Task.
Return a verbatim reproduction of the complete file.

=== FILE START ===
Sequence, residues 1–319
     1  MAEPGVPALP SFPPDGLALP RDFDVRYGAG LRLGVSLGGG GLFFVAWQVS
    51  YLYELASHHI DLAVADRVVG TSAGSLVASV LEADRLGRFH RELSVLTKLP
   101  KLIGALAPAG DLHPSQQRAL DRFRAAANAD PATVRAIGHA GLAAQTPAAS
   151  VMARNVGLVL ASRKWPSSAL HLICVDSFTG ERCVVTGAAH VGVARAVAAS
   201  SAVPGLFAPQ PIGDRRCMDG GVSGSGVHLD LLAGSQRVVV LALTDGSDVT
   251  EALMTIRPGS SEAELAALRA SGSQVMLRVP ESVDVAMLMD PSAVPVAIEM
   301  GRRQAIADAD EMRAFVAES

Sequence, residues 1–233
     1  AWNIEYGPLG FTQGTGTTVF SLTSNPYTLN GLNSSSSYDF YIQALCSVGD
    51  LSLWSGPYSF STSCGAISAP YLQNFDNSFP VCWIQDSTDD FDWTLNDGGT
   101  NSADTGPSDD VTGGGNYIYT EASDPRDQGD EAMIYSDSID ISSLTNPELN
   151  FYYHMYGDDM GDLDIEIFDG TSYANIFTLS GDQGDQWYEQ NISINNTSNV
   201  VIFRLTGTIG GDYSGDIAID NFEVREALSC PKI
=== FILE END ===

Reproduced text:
Sequence, residues 1–319
     1  MAEPGVPALP SFPPDGLALP RDFDVRYGAG LRLGVSLGGG GLFFVAWQVS
    51  YLYELASHHI DLAVADRVVG TSAGSLVASV LEADRLGRFH RELSVLTKLP
   101  KLIGALAPAG DLHPSQQRAL DRFRAAANAD PATVRAIGHA GLAAQTPAAS
   151  VMARNVGLVL ASRKWPSSAL HLICVDSFTG ERCVVTGAAH VGVARAVAAS
   201  SAVPGLFAPQ PIGDRRCMDG GVSGSGVHLD LLAGSQRVVV LALTDGSDVT
   251  EALMTIRPGS SEAELAALRA SGSQVMLRVP ESVDVAMLMD PSAVPVAIEM
   301  GRRQAIADAD EMRAFVAES

Sequence, residues 1–233
     1  AWNIEYGPLG FTQGTGTTVF SLTSNPYTLN GLNSSSSYDF YIQALCSVGD
    51  LSLWSGPYSF STSCGAISAP YLQNFDNSFP VCWIQDSTDD FDWTLNDGGT
   101  NSADTGPSDD VTGGGNYIYT EASDPRDQGD EAMIYSDSID ISSLTNPELN
   151  FYYHMYGDDM GDLDIEIFDG TSYANIFTLS GDQGDQWYEQ NISINNTSNV
   201  VIFRLTGTIG GDYSGDIAID NFEVREALSC PKI